Step back

“Step back” is advice I need to hear, so probably some others do, too. I’m talking about stepping back not so much for safety as for perspective (though sometimes regaining perspective protects from the dangers of ideology or even insanity).

In my case, that from which I need to step back sometimes is the tendency to see through everything. As C.S. Lewis warned, that habit can leave you seeing nothing.

One way I have of stepping back for perspective is the Symbolic World podcasts of Canadian artist Jonathan Pageau, where Pageau sees wonders everywhere. He does so by exploring universal themes, notably in stories, that correspond somehow to our human yearnings. Since Pageau is an Orthodox Christian, he believes that Jesus Christ, the Divine Logos, is the antitype of all true types (that’s my precis, not his).

A homely example not of his overall approach, but of one instance where someone needed to step back:

I remember in my first year of college, one of my opening college traumatisms you could call it (and there would be several more) — I remember there was some grad student who was giving a lecture on flood narratives. And her point, in her talk, was basically this: There are flood narratives in pretty much every single culture. And what that means is that the Bible isn’t true.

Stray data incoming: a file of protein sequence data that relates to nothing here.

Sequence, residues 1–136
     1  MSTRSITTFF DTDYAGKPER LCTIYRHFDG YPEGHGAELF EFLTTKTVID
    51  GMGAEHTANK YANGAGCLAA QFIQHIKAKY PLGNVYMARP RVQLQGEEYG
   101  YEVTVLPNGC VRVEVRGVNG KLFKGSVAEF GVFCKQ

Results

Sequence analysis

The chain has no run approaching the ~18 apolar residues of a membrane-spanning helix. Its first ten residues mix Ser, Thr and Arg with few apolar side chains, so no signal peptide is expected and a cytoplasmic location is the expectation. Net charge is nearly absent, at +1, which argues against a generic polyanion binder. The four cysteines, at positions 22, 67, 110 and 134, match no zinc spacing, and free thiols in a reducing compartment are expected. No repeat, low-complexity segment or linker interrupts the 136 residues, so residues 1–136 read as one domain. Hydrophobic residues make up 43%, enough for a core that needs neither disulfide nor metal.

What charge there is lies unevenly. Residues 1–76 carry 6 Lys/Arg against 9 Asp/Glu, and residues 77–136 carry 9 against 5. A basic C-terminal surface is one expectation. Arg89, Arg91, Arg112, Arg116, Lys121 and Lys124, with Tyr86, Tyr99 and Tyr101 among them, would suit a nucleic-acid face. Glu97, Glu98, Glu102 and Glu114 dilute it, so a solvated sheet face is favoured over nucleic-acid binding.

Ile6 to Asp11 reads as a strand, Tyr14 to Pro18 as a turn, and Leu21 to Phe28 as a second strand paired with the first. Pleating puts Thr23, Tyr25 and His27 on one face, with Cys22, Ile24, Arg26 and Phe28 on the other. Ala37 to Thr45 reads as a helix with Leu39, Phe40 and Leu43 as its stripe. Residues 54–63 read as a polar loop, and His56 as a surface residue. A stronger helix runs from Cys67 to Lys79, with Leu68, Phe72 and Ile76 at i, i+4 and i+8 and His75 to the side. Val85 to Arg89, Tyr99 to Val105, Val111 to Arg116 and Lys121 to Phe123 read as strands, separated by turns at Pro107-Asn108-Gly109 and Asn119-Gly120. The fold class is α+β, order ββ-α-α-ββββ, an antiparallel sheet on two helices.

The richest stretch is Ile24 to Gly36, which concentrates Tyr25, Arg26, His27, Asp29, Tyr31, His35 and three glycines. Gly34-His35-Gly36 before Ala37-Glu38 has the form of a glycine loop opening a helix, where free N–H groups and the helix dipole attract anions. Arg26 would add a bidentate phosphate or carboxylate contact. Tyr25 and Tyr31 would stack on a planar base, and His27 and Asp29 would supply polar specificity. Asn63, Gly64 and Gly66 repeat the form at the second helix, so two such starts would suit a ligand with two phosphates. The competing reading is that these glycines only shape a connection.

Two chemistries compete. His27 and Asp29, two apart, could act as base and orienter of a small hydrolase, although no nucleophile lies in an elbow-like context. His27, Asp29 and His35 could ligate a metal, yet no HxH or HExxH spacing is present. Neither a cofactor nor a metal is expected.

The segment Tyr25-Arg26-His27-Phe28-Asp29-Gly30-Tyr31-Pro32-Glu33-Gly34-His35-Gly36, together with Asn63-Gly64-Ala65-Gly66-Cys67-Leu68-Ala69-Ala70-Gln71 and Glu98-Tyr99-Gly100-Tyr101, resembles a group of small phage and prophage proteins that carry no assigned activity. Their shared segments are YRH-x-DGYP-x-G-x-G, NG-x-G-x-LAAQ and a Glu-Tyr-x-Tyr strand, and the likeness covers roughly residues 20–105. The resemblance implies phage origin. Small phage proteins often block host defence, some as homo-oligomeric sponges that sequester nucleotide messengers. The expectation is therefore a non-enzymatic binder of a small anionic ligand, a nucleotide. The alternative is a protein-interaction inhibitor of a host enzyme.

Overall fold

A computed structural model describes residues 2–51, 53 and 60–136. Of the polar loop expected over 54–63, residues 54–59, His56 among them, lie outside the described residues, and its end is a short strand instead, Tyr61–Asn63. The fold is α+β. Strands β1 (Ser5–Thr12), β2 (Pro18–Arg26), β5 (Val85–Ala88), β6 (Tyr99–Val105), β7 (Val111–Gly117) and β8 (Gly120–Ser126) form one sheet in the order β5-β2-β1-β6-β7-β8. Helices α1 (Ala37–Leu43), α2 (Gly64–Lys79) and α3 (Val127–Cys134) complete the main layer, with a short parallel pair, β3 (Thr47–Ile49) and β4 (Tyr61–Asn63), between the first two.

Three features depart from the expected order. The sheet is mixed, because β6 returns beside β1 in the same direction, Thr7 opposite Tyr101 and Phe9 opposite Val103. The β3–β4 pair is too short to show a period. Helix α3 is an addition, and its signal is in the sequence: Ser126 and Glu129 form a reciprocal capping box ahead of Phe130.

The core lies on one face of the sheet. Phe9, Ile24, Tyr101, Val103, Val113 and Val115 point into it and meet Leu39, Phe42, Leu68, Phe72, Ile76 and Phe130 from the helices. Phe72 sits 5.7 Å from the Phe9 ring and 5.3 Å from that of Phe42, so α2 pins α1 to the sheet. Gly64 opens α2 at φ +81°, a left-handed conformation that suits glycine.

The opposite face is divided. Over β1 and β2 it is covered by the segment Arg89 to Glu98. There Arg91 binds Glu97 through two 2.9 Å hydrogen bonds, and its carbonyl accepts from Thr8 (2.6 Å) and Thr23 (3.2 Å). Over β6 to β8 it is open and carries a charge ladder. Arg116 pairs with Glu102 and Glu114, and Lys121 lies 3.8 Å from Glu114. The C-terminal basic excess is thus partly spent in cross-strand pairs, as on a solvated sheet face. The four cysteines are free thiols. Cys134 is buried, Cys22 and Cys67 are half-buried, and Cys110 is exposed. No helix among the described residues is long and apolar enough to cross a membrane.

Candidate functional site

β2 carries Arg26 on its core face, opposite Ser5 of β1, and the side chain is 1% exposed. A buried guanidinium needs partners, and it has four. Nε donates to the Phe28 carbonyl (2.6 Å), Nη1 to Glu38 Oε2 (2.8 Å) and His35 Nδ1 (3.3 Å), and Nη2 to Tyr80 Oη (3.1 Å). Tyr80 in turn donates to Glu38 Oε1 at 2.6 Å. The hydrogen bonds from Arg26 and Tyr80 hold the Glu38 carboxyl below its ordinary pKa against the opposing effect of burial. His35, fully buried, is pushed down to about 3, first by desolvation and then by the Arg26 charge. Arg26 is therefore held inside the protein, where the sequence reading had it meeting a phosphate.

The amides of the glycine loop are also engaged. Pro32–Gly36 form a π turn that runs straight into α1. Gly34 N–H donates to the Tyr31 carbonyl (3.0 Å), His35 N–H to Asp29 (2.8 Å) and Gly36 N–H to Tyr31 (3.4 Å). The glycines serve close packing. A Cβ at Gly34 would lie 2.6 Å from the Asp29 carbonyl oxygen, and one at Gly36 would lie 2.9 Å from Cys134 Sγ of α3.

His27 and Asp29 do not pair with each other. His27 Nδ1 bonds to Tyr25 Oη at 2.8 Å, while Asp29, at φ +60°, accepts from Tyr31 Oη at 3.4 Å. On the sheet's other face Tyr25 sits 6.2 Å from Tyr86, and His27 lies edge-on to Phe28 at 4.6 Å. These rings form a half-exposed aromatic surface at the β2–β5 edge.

And I remember — I was like 17 or 18 and I was already baffled. I was being told that there was a pattern of story-telling that exists in almost every culture on all continents. It is either the oldest memory held in unison by all men or there is some mental structure that is so deeply embedded in the human constitution that it manifests itself through this universal image of an all-destroying flood. And the reaction to that awesome reality is to tell people that the Bible isn’t true. It’s baffling!

Encountering God in Stories at 28:50.

That grad student needed to step back from the opportunity to discomfit any dim-witted Christians in her class and to notice what that pattern really was saying.

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